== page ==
October 31, 2017

Sleep That Makes No Show for Dawn - 1860s Photoshoot

"A long, long sleep, a famous sleep
That makes no show for dawn
By stretch of limb or stir of lid, —
An independent one."
- Emily Dickinson, Poem 139

A Happy and Spooktacular Halloween to all!  Since I was unable to finish my fancy dress costume this year, I thought it very appropriate to finally share this long-awaited, 1860s photo shoot that Maria, sister and photographer, and I did last August, before I left for college.  All of the construction details for the dress and petticoat can be found here: Inside & Out: DNA Dress and Hoop, and the fancy dress cap here: Lace on My Clothes & Bows on My Caps.  

In the photographs, my dress is worn over a mid-19th century chemise, drawers, under-petticoat, small support pad and 90" cage with two tucked petticoats to smooth the silhouette.  A large, striped, silk cravat bow, silk belt with a mother of pear buckle, and beribboned, fancy dress cap complete the look.  

Completed Project Shots

First and foremost, I must thank my talented sister and photographer, Maria, for all her time and attention to the details!  Without her, none of these photo shoots would be possible, and for that, among many other reasons, I am overwhelmingly grateful.  Here's to her, and for allowing me to share her work!  *All photographs courtesy of Maria M.* 

Because I could not stop for Death —
He kindly stopped for me —
The Carriage held but just Ourselves —
And Immortality.

We slowly drove — He knew no haste
And I had put away
My labor and my leisure too,
For His Civility —

We passed the School, where Children strove
At Recess — in the Ring —
We passed the fields of Gazing Grain —
We passed the Setting Sun —

Or rather — He passed Us —
The Dews drew quivering and chill —
For only Gossamer, my Gown —
My Tippet — only Tulle —

We paused before a House that seemed
A Swelling of the Ground —
The Roof was scarcely visible —
The Cornice — in the Ground —

Since then — ’tis Centuries — and yet
Feels shorter than the Day
I first surmised the Horses’ Heads
Were toward Eternity —

Poem is "Because I Could Not Stop for Death" by Emily Dickinson.

Mount Hope Cemetery 

Before ending this post, I'd like to highlight and give a little background on the location of our shoot.  This may sound slightly morbid to some, but I personally find cemeteries not only historically significant, but incredibly peaceful places to walk around and collect my thoughts.  I have spent many afternoons wandering around Rochester's Mount Hope Cemetery, quietly reflecting and exploring the 200 acres and 14 miles of roads, hills and valleys, and paying respects to the 350,000 sleeping for eternity.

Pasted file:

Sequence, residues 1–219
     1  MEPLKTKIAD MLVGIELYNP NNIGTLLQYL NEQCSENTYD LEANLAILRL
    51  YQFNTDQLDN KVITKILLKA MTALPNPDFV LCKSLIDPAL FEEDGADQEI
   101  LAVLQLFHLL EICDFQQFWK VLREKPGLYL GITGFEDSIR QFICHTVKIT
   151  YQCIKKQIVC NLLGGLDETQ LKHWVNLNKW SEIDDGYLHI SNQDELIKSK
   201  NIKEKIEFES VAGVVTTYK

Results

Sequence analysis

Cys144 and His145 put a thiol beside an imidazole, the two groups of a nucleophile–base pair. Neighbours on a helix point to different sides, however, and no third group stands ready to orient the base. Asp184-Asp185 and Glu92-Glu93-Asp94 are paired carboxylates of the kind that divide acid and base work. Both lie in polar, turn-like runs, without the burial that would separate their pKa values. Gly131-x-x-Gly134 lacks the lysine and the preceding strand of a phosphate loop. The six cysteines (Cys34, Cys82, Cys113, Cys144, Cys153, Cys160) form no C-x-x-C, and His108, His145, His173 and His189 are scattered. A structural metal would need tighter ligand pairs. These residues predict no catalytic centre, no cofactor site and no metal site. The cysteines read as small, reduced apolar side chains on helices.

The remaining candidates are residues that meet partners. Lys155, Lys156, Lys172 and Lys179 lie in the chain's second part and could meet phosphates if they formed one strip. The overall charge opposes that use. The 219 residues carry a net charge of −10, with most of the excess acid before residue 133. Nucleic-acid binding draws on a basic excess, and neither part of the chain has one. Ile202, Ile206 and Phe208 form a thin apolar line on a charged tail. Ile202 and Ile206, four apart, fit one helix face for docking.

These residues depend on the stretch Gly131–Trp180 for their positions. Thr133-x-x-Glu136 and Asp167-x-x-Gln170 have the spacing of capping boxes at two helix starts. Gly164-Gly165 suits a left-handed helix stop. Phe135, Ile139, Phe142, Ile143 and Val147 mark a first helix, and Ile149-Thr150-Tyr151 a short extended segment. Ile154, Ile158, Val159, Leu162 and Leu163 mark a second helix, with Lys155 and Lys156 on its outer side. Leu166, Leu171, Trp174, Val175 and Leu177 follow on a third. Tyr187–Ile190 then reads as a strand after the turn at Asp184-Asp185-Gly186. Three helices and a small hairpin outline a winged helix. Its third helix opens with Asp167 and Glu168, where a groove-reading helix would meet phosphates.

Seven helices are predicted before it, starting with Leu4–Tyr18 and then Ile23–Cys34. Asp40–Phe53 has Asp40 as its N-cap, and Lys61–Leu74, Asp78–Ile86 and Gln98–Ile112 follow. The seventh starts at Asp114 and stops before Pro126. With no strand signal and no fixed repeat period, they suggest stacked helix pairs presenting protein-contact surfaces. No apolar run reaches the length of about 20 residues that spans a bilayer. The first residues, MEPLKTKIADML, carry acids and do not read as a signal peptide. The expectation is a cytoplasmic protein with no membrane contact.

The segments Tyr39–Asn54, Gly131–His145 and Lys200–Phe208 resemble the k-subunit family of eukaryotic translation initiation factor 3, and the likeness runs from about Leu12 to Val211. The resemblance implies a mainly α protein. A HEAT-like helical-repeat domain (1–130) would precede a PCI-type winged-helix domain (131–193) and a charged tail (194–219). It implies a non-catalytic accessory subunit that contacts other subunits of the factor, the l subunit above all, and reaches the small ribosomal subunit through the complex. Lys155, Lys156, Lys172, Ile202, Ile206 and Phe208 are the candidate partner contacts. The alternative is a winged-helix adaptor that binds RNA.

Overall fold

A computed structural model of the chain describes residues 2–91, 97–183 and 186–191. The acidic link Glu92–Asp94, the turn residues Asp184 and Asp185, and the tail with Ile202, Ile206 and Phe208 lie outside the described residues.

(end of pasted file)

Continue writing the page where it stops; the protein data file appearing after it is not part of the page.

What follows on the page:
The Gatehouse, 1874.

Described in the following introduction, by the Friends of Mount Hope Cemetery, the nonprofit organization devoted to the preservation, restoration and public appreciation of the culturally significant site:
"Dedicated in 1838 in Rochester NY, Mount Hope is America's first municipal Victorian cemetery.  Set in a picturesque landscape shaped by retreating glaciers, the cemetery features more than 80 mausoleums, soaring Egyptian obelisks, winged angels of mercy, a Florentine cast-iron fountain, two stone chapels in Gothic Revival style, a Moorish gazebo, and infinitely varied tombstones marking 350,000 graves across 196 acres." - The Friends of Mount Hope Cemetery

One of two chapels and original crematory, 1862.

In terms of history, Mount Hope Cemetery truly offers something for everyone.  From Rochester and Erie Canal history, to Victorian symbolism and architecture, the Revolutionary and Civil Wars, Jewish and African-American history, many notable leaders, inventors, prominent families, artists, architects, abolitionists and women's rights activists were laid to rest there.  

Perhaps among the most famous are Susan B. Anthony:

Fredrick Douglas:

Nathaniel Rochester and family: 

As well as dozens of others, including Daisy Marquis Jones, Alexander Milliner, George Washington's drummer boy, Dr. Charles T. Lunsford, the first African American physician in Rochester, the children of Buffalo Bill Cody, and William, and later Hannah Carter, the first buried on the site:

Veterans of all the major American wars are represented, including specific Civil, Spanish-American and World War I sections and a D.A.R. monument.  

Row by row in the Civil War plot.

And, finally, you'll find several of the families from the houses preserved at the Genesee Country Village & Museum: 

Rebecca A. Fitzhugh, wife of Dr. Fredrick F. Backus, of the
Livingston-Backus House (at the Genesee Country Village & Museum)

Dr. Frederick F. Backus, prominent Rochester physician and politician.

The services at Mount Hope Cemetery go beyond burials, offering many opportunities to volunteer in landscaping, gardening, and gravestone maintenance and repair.  Under the generous care of the Friends of Mount Hope Cemetery and donors, free genealogical research, public lectures and tours, and printed works, including several books and a quarterly newsletter, titled the Epitaph, are available.  So, if you're ever in Rochester, make sure to visit my favorite local cemetery and historical treasure! 

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